Monday, September 13
Here's a novel idea for a restaurant: Instead of pre-setting a menu, let the drinkers decide what should be on the wine list. Don't order cases of wines that will rarely be requested; stock up on sure-fire satisfaction for patrons. The Saffron Room, located inside Kismet Lounge at 3711 Greenville Ave., aims to "produce Dallas' best wine list" by offering tastings of various labels. The resulting additions to their wine rack will be determined by guest feedback. How's that for democracy? On Monday from 6:30 p.m. to 8:30 p.m., the Saffron Room and Prestige Wine help guests get into that voting spirit with samples of 2003 Penescal Blanc and 2001 Lelia Garnacha from Spain and other wines that will complement the Mediterranean Rim/Middle Eastern cuisine of the establishment. Fire up that opinionated part of the brain and vote for integrity, strength and taste. And may the best candidate, er, we mean wine, win. Call 214-887-1858 for reservations.
Tuesday, September 14
Anytime a Grambling halftime show is televised, you can bet we're either watching or the TiVo is set. We're not huge football fans, but there's one thing we love, and that's triple-time marching, kick-ass dancing and totally-into-it bands. We find ourselves moving around in our seat, tapping our feet and, yeah, it's embarrassing, even clapping along. John Posey, a sports photojournalist, and his daughter Mercedes have scoured their collection of more than 7,000 photos for the 60 that make up And the Band Played On: What Really Brings People to Black College Football Games, the latest exhibit to hit the African American Museum. Posey says, "Black college bands transcend the barrier of race and offer a forum for understanding people. It is the nature of the fine line between entertainment, showmanship and traditional band routines that spells the dynamic of black college bands." The Posey exhibit is the first to look into the impact of black college bands on American life. In our opinion, it just might be the thing to dissolve that whole "band geek" stigma, too. The exhibit runs through October 17. The museum is located at 3536 Grand Ave. in Fair Park. Call 214-565-9026.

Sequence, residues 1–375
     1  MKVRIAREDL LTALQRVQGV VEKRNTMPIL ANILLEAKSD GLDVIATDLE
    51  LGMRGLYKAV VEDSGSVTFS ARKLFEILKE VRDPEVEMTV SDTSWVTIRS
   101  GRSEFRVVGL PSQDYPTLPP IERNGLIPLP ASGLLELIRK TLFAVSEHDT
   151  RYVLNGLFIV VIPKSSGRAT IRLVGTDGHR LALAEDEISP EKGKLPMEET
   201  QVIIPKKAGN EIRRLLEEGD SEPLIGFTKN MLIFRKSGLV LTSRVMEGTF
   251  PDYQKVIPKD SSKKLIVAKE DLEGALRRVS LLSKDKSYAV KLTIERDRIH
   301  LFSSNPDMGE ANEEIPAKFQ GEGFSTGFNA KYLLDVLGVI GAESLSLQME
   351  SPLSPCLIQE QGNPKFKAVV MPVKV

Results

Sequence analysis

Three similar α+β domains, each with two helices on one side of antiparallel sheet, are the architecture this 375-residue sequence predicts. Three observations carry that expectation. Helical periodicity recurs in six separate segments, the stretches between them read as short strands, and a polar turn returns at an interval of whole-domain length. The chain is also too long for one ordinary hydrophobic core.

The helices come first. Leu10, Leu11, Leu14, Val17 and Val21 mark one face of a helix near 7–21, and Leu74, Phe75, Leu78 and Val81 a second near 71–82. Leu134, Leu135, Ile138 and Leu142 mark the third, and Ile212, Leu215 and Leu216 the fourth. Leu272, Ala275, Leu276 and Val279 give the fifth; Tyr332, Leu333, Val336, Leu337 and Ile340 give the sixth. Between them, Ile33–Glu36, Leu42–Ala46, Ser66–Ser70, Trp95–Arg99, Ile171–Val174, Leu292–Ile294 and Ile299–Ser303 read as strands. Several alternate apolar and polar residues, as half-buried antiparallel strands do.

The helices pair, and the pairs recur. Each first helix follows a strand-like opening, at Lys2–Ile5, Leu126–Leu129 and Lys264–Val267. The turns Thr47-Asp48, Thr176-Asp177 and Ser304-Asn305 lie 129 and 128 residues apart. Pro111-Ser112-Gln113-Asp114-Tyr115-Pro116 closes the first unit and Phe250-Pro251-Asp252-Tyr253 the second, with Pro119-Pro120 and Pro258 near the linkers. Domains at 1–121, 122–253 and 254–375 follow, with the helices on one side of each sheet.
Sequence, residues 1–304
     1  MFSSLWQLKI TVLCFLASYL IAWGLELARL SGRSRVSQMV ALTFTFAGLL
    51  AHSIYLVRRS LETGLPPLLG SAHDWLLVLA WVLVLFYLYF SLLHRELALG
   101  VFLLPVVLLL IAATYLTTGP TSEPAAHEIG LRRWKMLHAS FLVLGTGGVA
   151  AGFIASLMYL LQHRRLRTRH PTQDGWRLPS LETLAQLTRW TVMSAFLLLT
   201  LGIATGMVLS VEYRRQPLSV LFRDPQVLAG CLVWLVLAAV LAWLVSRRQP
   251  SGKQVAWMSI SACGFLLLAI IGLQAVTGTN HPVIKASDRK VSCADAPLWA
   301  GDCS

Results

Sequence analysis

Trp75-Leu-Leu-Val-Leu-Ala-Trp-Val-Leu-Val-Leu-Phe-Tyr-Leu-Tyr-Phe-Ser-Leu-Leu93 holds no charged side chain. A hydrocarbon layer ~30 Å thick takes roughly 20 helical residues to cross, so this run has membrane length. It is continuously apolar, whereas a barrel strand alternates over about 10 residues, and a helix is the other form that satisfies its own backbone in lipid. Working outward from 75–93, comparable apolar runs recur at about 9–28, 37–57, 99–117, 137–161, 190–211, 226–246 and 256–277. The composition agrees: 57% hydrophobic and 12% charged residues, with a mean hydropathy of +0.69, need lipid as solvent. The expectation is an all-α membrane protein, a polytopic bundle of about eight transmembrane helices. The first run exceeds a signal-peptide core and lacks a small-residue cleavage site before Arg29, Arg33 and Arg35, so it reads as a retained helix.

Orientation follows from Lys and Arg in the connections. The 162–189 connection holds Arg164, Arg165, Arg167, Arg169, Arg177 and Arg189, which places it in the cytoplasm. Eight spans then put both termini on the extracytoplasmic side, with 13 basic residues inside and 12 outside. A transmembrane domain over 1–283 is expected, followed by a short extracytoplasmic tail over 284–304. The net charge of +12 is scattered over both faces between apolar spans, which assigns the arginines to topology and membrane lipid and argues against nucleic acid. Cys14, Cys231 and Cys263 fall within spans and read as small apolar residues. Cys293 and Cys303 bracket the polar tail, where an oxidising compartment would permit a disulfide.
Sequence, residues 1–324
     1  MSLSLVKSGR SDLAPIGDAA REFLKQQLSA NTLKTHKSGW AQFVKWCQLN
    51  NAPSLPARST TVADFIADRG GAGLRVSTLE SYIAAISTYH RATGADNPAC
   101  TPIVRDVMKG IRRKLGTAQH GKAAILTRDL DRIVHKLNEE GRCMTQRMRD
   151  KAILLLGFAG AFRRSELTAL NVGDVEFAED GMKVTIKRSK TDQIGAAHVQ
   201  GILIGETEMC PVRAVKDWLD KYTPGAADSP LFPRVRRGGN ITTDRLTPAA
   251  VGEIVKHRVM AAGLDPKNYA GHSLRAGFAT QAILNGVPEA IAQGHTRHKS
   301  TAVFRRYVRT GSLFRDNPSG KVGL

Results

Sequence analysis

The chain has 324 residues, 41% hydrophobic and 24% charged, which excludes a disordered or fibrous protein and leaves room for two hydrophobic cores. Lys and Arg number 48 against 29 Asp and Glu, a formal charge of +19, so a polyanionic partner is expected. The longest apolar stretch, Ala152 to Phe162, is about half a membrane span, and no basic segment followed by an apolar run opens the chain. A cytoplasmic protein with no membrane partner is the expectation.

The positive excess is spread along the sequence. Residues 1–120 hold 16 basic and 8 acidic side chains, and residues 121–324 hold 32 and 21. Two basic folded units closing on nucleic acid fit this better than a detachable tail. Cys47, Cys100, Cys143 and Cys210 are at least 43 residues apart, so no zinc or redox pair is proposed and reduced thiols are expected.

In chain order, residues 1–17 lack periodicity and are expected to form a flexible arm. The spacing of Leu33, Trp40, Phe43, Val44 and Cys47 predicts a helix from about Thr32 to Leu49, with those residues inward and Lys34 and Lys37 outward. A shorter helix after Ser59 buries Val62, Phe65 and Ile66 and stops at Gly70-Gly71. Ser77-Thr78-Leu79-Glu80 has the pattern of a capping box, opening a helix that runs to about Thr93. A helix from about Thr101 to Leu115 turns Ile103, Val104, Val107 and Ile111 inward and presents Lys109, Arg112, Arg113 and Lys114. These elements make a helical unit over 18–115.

Wednesday, September 15
If you grew up in the Lone Star State, you most likely had to take Texas history. We remember Mrs. Wood regaling us with tales of independence, defense and progress, but our textbooks were seriously lacking in visuals that weren't stiff portraits or grainy images. The Amon Carter Museum is now displaying, as a permanent collection installation, Encountering Texas, 1846-1856, featuring drawings and watercolors by Edward Everett, James Gilchrist Benton and Sarah Ann Lillie Hardinge. Through December 19, the museum offers three different points of view of the expansive area that later became Texas. Most records were by soldiers or speculators (accounting for the current textbook entries), but these three artists put down their interpretations of the land in something the imagination can soak up with fervor...right along with Mrs. Wood's storytelling. The Amon Carter is located at 3501 Camp Bowie Blvd. in Fort Worth. Call 817-738-1933.